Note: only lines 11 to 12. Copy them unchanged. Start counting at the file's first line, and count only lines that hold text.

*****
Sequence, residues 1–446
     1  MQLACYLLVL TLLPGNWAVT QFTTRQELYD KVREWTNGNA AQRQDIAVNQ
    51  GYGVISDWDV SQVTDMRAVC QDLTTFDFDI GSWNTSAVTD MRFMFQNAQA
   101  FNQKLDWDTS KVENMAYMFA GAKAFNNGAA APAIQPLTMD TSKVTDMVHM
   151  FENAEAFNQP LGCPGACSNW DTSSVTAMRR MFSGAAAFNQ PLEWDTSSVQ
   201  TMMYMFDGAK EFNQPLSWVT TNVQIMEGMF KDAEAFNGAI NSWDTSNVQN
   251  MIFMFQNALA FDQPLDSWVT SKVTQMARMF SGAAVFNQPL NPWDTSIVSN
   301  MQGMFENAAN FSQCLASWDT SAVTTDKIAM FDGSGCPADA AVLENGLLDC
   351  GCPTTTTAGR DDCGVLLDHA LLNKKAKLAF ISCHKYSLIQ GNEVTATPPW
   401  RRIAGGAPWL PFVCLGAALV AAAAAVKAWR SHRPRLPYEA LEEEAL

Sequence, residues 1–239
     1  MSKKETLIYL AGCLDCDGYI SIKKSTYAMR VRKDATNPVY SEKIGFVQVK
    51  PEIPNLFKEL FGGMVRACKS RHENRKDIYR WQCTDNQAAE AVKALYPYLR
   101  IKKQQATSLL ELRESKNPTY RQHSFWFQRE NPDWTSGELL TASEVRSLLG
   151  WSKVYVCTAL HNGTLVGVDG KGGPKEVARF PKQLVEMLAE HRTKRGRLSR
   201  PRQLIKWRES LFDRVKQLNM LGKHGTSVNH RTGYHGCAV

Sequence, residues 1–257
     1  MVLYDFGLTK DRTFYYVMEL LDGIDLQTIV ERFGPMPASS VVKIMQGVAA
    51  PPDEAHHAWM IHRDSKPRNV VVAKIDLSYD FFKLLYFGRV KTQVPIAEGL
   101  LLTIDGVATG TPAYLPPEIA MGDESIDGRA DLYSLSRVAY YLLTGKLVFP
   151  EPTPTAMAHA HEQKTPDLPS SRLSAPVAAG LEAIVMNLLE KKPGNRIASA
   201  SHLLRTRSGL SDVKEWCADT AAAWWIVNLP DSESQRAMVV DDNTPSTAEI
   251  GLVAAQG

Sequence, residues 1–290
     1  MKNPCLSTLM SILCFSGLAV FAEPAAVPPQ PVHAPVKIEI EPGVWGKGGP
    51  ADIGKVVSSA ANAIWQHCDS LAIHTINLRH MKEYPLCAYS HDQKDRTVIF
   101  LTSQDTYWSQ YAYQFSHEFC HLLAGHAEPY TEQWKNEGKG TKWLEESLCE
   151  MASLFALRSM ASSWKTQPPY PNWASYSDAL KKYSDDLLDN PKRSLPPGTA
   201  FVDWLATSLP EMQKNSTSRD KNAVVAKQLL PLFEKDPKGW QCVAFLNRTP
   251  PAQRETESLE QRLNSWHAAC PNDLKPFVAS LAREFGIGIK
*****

Sequence, residues 1–239
     1  MSKKETLIYL AGCLDCDGYI SIKKSTYAMR VRKDATNPVY SEKIGFVQVK